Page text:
And we are in that case: the nand_buffers object will never be modified
between dma_map() and dma_unmap().

> 

> > So, for our use case where nand_buffers is never modified between

> > dma_map_single() and dma_unmap_single(), it should be safe to have

> > non-cache line aligned buffers.  

> 

> Correct, with the exception of what happens at unmap.


Now I'm lost again :-). Didn't you say it was safe to have overlapping
cache lines if nothing writes to these cache lines during the whole time
the buffer is DMA-mapped?
IIUC, the only case where unmap() will write-back cache lines is when
these cache entries are dirty (i.e. when they've been modified through
CPU accesses between map and unmap). Am I missing something?

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Masahiro Yamada March 29, 2017, 3:22 a.m. | #8
Hi Boris

> -----Original Message-----

> > The current situation violates [A].

> 

> Do you have a real failure that is proven to be caused by mis cache

> line alignment, or are you just speculating?


No real problem.
Rather, I am following the line 226 of DMA-API.txt
"Warnings: Memory coherency ...".


In my case, the cache line is 64 byte (for ARM),
But this does not really matter for the reason
nand_buffers is only touched at initialization as you mentioned.


[B] is a real problem for me
because Denali DMA engine requires >4byte alignment.




So, I can replace the git-log in the next version:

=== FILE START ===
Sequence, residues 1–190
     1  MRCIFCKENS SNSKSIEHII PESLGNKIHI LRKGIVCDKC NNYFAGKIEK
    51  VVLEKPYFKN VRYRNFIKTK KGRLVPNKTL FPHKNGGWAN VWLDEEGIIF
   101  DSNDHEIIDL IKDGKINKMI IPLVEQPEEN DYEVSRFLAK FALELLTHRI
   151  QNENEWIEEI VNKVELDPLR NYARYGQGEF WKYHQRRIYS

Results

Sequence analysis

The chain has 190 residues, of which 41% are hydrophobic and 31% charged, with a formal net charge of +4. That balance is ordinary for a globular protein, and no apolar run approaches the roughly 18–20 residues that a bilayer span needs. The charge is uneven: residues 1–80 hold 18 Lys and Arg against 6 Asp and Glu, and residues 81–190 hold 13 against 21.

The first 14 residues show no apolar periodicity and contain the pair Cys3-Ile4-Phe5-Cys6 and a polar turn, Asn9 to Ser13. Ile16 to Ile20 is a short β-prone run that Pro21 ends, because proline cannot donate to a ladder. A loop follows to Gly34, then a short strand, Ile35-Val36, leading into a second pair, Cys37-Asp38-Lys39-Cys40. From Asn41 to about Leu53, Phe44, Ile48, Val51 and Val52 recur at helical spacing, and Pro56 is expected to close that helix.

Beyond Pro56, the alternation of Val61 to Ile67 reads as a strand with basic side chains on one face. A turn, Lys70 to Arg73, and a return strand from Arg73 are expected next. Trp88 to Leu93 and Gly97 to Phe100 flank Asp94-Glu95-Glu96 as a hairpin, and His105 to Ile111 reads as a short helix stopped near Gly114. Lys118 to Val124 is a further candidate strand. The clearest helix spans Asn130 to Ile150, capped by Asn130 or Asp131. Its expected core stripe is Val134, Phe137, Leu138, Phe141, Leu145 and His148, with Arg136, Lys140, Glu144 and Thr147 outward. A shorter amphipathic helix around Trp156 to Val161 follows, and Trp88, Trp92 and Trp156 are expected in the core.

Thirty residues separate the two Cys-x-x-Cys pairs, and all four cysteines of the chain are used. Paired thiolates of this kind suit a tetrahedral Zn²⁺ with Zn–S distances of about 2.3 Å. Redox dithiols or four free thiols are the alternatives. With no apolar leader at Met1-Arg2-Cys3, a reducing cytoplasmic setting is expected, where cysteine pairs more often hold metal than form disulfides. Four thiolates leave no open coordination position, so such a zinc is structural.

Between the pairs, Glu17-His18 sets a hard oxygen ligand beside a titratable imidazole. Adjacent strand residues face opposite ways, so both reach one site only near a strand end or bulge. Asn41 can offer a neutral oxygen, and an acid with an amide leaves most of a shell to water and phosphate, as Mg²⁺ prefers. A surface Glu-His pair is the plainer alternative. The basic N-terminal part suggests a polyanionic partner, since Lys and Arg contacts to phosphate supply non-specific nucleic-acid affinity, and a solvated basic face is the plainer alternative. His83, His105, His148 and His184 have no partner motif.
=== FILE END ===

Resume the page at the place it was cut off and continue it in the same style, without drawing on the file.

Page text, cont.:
"
Some NAND controllers are using DMA engine requiring a specific buffer
alignment. The core provides no guarantee on the nand_buffers pointers,
which forces some drivers to allocate their own buffers and pass the
NAND_OWN_BUFFERS flag.

Rework the nand_buffers allocation logic to allocate each buffer
independently. This should make most NAND controllers/DMA engine
happy, and allow us to get rid of these custom buf allocation in NAND
controller drivers.
"

Masahiro













> >

> > Usually [B] is less than [A].

> 

> Yep, it's likely the case.

> 

> > So, if we meet [A] (by using kmalloc), [B] will be met as well.

> 

> Sure.

> 

> >

> >

> >

> > > Regarding the cache line alignment issue, in this case it shouldn't

> be

> > > a problem, because the driver and the core shouldn't touch the

> > > chip->buffers object during a DMA transfer, so dma_map/unmap_single()

> > > should work fine (they may flush/invalidate one cache line entry that

> > > contains non-payload data, but that's not a problem as long as nothing

> > > is modified during the DMA transfer).

> >

> >

> > This is related to 52/53:

> > http://patchwork.ozlabs.org/patch/742409/

> >

> > Can you also read this?

> > https://lkml.org/lkml/2017/3/8/693

> >

> > Your comment is very similar to what was discussed in the thread.

>